'At the risk of disappointing any of our conspiracy theorists...'
I'm no conspiracy theorist but, if there are any in the C of E or indeed on Thinking Anglicans that may be because the C of E and its leadership appear to be profoundly nervous of transparency. Just in the past year we have had major strategic decisions appearing unexpectedly in the press before coming to Synod as a done-deal ( for example the Green Report - and why are the names of those in the Talent Pool - we appear to have reverted, as noted elsewhere, to this ghastly expression - top secret?) Elsewhere we have the total secrecy demanded of those on Vacancy in See committees, together with the...erm...less than gracious response of our leaders when questions arise from them in public places such as Synod, not to mention the legal advice given on how the Church might, within the confines of law, discriminate against some who have publicly expressed certain views. Conspiracy theories abound in institutions which behave in secretive and/or authoritarian ways which defy transparency.
'..at the risk of upsetting any members of the "If the C of E does it, it must be wrong" brigade...'
For some of us exploring closer communion with a Church defined by the absence of a historic episcopate might raise some alarms. Not least for those in the same country whose Church's historic raison d'etre was a belief in episcopacy. And, as has already been said, for SEC not to have been informed of this Statement - better still, consulted - is just downright rude.
That said, happy Christmas to Manchester from the Midlands!
Queen Victoria was a unique case and caused concern among the hierarchy of the C of E...there is an essay on Queen Victoria's religion by Owen Chadwick which mentions that some of the correspondence relating to the incident ( it was a one off, I think) remains embargoed.I don't think subsequent monarchs received communion in the Kirk until the present Queen who I think communicated when she was present in person at the General Assembly. Worth noting that Michael Ramsey also received on one occasion ( again at the General Assembly) but asked if he could receive kneeling.
Peter Kettle: Interesting point you raise; and I'd like just to share a little anecdotal with you: Fr Philip G once told me - it was in 1971 - that HM the Queen preferred the Church of Scotland; or, at least, no more vestments then surplice and stole. The things one remembers 44 years later!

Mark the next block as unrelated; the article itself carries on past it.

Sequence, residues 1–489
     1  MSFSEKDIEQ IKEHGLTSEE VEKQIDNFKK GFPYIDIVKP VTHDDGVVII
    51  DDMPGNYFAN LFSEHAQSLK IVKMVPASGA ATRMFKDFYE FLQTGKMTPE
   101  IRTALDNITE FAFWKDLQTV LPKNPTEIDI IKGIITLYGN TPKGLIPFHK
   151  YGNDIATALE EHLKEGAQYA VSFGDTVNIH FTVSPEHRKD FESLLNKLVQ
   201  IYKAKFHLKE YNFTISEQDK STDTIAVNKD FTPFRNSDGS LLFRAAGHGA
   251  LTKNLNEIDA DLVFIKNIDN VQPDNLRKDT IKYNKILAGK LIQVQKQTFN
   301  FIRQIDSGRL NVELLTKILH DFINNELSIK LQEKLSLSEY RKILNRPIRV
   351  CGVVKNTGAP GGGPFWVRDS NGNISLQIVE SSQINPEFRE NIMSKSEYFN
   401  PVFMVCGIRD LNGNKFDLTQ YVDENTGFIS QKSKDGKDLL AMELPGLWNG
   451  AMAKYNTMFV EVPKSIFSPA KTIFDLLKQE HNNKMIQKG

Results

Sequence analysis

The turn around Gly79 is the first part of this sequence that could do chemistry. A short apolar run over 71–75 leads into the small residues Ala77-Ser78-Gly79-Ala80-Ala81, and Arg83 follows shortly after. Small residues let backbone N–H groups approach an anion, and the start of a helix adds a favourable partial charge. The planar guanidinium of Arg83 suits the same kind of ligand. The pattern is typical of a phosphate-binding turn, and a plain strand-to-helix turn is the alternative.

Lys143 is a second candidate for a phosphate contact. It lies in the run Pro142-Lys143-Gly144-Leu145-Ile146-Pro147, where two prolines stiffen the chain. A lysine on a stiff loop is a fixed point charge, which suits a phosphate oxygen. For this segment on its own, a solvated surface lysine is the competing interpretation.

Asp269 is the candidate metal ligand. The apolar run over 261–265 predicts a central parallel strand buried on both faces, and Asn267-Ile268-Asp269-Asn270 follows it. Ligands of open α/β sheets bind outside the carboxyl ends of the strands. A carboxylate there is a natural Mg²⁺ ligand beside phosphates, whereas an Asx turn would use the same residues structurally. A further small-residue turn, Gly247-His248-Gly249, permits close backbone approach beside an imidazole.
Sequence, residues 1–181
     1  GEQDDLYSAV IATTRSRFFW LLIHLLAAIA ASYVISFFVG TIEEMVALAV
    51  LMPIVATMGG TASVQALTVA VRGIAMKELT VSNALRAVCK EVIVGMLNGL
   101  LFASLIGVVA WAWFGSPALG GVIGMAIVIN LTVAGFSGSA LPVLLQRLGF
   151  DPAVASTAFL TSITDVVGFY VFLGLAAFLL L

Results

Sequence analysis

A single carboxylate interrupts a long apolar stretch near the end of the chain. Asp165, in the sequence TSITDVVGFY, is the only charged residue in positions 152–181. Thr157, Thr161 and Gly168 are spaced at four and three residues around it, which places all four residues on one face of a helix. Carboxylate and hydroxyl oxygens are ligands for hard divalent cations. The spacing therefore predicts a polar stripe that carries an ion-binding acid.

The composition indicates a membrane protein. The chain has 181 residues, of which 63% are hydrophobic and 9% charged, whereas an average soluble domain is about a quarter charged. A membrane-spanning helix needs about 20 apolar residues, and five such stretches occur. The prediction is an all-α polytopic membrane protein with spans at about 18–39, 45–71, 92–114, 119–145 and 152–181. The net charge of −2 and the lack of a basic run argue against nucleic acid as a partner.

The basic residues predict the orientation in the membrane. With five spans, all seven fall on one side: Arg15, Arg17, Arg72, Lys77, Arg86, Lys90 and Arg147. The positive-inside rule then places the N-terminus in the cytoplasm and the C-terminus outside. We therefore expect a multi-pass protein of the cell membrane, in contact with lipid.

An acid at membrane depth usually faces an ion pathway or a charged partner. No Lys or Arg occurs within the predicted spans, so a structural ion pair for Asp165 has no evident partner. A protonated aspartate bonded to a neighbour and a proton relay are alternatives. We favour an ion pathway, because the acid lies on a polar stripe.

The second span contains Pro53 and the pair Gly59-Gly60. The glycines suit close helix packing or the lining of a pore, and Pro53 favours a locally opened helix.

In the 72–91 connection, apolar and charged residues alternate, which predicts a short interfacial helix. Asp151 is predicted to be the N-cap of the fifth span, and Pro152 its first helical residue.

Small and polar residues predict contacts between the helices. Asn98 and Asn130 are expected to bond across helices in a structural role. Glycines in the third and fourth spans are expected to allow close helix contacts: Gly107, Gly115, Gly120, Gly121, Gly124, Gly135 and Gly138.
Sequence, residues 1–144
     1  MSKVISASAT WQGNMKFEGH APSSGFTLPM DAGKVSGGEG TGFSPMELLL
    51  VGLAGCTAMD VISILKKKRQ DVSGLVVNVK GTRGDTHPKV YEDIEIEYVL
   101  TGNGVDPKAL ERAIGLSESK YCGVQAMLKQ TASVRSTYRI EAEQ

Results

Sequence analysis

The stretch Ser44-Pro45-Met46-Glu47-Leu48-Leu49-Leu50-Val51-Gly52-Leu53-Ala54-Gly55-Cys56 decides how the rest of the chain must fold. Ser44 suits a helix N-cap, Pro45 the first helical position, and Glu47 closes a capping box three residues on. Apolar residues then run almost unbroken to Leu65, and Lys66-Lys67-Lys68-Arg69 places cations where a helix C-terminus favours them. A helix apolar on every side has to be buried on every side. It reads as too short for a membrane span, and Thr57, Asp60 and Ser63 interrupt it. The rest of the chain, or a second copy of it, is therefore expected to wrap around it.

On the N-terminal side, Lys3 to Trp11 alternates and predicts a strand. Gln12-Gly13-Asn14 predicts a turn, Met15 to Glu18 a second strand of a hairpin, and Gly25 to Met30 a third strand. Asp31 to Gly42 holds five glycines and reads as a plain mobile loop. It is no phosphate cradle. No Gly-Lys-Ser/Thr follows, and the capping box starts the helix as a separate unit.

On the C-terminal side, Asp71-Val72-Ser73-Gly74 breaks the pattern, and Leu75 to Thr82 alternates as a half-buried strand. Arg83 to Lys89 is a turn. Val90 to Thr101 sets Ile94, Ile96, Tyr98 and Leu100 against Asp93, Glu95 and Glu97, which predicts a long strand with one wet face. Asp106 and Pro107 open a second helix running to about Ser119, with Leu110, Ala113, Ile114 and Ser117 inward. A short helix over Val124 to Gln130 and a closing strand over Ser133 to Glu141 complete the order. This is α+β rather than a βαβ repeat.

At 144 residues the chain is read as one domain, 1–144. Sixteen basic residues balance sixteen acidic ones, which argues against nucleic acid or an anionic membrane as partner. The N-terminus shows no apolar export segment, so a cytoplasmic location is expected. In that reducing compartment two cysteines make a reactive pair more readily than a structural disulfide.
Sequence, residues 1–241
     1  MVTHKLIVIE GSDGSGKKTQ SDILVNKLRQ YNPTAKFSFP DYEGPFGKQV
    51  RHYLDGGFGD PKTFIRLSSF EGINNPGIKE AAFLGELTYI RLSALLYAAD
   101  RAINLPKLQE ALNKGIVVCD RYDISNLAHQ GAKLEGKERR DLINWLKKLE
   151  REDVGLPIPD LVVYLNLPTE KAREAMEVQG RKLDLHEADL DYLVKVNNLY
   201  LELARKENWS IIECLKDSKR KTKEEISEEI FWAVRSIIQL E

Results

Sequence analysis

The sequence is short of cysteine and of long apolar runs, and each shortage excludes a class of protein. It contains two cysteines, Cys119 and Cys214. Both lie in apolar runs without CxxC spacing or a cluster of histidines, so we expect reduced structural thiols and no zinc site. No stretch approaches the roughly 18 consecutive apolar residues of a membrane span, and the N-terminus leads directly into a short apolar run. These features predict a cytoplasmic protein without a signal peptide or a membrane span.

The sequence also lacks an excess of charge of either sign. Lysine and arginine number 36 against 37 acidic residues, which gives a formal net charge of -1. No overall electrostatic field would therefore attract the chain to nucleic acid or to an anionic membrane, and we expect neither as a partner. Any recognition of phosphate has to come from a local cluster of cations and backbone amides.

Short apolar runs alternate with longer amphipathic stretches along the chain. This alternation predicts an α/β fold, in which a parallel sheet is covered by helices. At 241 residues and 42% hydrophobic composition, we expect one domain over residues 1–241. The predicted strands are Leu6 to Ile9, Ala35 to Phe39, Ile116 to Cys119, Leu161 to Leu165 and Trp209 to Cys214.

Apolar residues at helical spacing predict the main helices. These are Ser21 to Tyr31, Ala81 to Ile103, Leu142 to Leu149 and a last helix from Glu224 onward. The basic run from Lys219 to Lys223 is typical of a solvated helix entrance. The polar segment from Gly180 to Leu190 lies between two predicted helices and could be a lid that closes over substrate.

And out of interest the Presbyterian Reformed Church of France has had a church in the crypt of Canterbury cathedral since 1565.
Also Hanoverian monarchs were co-communicants with the Evangelical Lutheran Church of Hannover.
Can't say I know a whole lot about this issue and the implications; but I have a couple of questions. Is this agreement possibly an alliance between two established national churches that fear themselves endangered species? Is the arrangement a kind of subterfuge in with politics hidden in ecumenism? Just asking.
The Queen is a Lord High Commissioner of the Kirk, and has a reserved seat in general assembly..it is inconceivable that she would not be a communicant.
The Royal family are not very deep thinking on religion... Prince Phillip gave up his Greek Orthodox faith to marry into the British royal family.
As the Primus says, "The Church of England is not a Scottish Church nor does it have any jurisdiction in Scotland."
This is a point that several provinces are having to make to the Church of England--so far with little success.
Strange it is to try to apologize for 19th-century imperialism by renewing the imperialisms of earlier centuries.
Not a CofS congregation as such, but St. Columba's URC in Cambridge functions as the CofS Chaplaincy for the University and uses CH4 in its worship.
Robert Ian Williams - The Queen has acted as Lord High Commissioner twice, I think. She is not a member of the General Assembly, nor is the Lord High Commissioner.
Prince Philip remains Orthodox, I understand, and has had an Orthodox chapel constructed. He probably, though, as you suggest is 'not very deep thinking on religion', but I do not think the same can be said of his wife or eldest son, or, for that matter, his late mother in law or sister in law
Prince Philip was received into the Church of England in 1947.
I find it all the more surprising that the Scottish Episcopal Church was wrongly named "The Episcopal Church of Scotland" in the Report of the Study Group whose Co-Chair was the Rt Rev Dr Peter Forster, Bishop of Chester. He trained for the ministry at the Scottish Episcopal Theological College in Edinburgh (then known as Coates Hall)and obtained his BD and PhD degrees at the University of Edinburgh.